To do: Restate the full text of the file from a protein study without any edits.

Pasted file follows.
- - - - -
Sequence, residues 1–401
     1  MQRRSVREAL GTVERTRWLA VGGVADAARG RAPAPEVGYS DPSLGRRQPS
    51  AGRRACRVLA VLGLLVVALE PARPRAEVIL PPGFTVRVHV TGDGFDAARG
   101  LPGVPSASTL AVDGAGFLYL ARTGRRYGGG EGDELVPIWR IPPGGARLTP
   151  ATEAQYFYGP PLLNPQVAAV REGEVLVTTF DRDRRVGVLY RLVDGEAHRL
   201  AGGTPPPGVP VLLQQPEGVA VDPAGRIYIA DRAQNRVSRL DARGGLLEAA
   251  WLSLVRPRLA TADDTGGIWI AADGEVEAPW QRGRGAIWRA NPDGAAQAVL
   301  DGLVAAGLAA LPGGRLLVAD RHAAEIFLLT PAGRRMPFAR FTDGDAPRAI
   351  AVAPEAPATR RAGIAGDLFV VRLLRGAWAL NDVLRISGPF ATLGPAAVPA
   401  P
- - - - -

Sequence, residues 1–401
     1  MQRRSVREAL GTVERTRWLA VGGVADAARG RAPAPEVGYS DPSLGRRQPS
    51  AGRRACRVLA VLGLLVVALE PARPRAEVIL PPGFTVRVHV TGDGFDAARG
   101  LPGVPSASTL AVDGAGFLYL ARTGRRYGGG EGDELVPIWR IPPGGARLTP
   151  ATEAQYFYGP PLLNPQVAAV REGEVLVTTF DRDRRVGVLY RLVDGEAHRL
   201  AGGTPPPGVP VLLQQPEGVA VDPAGRIYIA DRAQNRVSRL DARGGLLEAA
   251  WLSLVRPRLA TADDTGGIWI AADGEVEAPW QRGRGAIWRA NPDGAAQAVL
   301  DGLVAAGLAA LPGGRLLVAD RHAAEIFLLT PAGRRMPFAR FTDGDAPRAI
   351  AVAPEAPATR RAGIAGDLFV VRLLRGAWAL NDVLRISGPF ATLGPAAVPA
   401  P